Psychotherapist and playwright Elizabeth Clark-Stern was inspired by Jungian Analyst Laura Lewis Thayer's use of Jung’s number theory to link the “observable world” of touch, sight, scent, and sound to the spiritual reality of the unconscious mind. It was a revelation to realize that there is no separation between the world we see and feel, and the world of our dreams, our experience of synchronicity, and our knowledge of the divine.
The result of much research is a play with a cast of characters that include Jung himself, Marie-Louise von Franz, Barbara Hannah and the physicist Wolfgang Pauli.
Approaching the decade of the 1970’s, Jung’s close confidant, Marie-Louise von Franz, struggles to write the book that would become NUMBER AND TIME. She promised Jung before he died, that she would create a text exploring how a Number Theory could be used to illuminate the unity of matter and psyche. As our play begins, von Franz tells her long-time friend, analyst and author, Barbara Hannah, that the task is too formidable, and threatens to abandon it.
A knock on the door reveals an unexpected visitor, Jewel Carver, a young woman from Montana who is grieving the loss of her brother in the horror of the Viet Nam War. She asks von Franz and Hannah how they have lived so long is such a violent world.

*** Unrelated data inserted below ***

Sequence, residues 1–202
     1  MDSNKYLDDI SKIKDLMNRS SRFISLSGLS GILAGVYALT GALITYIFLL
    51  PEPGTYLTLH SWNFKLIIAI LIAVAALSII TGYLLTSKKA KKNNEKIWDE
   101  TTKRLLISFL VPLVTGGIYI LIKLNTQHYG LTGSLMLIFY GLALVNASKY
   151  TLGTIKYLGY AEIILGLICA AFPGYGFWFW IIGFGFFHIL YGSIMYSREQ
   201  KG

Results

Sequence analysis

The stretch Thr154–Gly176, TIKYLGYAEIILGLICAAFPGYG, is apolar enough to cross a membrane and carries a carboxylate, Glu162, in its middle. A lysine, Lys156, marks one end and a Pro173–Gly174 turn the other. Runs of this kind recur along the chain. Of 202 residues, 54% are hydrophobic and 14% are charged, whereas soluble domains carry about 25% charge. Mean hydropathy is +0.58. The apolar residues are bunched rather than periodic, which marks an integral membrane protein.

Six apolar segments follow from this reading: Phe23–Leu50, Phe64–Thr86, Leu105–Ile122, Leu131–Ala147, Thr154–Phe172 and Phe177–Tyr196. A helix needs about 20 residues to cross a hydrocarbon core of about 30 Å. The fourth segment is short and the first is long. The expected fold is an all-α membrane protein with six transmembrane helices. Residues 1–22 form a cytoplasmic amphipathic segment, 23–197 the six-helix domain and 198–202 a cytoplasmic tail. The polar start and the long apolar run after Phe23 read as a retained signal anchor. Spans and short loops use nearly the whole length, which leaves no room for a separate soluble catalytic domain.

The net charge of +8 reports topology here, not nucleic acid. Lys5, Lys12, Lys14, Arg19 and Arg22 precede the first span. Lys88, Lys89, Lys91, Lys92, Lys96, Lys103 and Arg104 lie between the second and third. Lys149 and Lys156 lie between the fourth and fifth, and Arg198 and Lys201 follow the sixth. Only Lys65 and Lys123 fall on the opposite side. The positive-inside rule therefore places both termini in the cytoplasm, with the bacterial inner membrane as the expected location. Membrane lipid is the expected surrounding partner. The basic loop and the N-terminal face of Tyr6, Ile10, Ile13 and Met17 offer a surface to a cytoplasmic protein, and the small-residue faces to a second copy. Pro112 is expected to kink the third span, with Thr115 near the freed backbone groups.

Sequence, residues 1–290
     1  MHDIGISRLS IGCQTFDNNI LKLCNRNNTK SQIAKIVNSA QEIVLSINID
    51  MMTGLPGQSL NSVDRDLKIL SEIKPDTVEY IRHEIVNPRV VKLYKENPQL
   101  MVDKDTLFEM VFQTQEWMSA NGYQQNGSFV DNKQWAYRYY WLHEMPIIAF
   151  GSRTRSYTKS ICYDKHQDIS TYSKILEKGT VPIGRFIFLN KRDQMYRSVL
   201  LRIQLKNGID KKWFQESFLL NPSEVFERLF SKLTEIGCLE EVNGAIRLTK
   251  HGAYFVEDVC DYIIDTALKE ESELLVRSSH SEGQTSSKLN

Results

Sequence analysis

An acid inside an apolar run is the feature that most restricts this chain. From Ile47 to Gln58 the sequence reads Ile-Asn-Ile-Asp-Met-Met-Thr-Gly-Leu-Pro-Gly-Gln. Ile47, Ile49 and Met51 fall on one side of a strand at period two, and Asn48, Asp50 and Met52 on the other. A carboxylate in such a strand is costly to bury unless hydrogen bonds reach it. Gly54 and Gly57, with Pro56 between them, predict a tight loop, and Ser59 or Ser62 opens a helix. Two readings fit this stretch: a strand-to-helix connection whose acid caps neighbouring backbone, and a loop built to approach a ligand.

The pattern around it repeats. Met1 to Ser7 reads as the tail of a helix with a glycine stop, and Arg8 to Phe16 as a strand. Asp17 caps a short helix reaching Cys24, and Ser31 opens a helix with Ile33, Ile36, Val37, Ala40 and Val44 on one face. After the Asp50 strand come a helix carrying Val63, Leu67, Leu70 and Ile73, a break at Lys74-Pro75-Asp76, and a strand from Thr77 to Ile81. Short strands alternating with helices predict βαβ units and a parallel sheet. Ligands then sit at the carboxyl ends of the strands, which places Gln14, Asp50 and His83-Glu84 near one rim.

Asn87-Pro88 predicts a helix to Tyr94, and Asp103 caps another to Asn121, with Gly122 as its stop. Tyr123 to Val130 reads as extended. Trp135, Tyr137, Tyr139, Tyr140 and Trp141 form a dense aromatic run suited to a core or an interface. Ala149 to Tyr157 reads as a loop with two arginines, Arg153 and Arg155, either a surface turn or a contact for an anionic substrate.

With that, the two analysts invite Jewel on a journey of imagination through time, beginning with von Franz’s first meeting with Jung in 1933. Shortly thereafter, Wolfgang Pauli stumbles into Jung’s office tormented by his double life as a Nobel Prize-winning physicist who spends his nights drinking, getting in bar fights, and womanizing. Jung and Pauli discover a common passion for the interrelation of microphysics, and psychology’s world of the unconscious.
Von Franz and Pauli also share a passion for these ideas, and develop an intimate soul connection, even as von Franz remains loyal to her dear friend, Barbara Hannah. These relationships play out against the nuclear blasts of World War II, and the conflicts that continue to define our world today. Each character comes to know the psychological imperative of facing one’s own shadow in a world far more interconnected than we can imagine.
After a screening of the play we will have Q/A with the cast members. We hope you can explore how to integrate the larger world of the psyche into your own daily lives.
Cast: Ann Blake as Barbara Hannah, Robert Bergman as Carl Jung, Tim Nelson as Wolfgang Pauli, Karlie Markendorf as Jew Carver, Elizabeth Clark-Stern as Marie Louise von Franz. Directed by Kevin Filocamo. Sound by Donna Lee.